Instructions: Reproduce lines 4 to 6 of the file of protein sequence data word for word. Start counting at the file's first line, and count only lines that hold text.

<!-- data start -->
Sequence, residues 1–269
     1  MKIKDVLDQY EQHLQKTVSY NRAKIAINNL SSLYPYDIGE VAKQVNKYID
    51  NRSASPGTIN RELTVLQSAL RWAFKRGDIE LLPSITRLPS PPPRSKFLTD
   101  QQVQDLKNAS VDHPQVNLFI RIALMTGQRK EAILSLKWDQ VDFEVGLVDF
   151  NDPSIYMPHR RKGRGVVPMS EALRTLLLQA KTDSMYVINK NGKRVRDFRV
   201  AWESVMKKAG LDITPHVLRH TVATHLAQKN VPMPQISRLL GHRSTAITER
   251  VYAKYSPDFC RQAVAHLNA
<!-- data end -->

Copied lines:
   101  QQVQDLKNAS VDHPQVNLFI RIALMTGQRK EAILSLKWDQ VDFEVGLVDF
   151  NDPSIYMPHR RKGRGVVPMS EALRTLLLQA KTDSMYVINK NGKRVRDFRV
   201  AWESVMKKAG LDITPHVLRH TVATHLAQKN VPMPQISRLL GHRSTAITER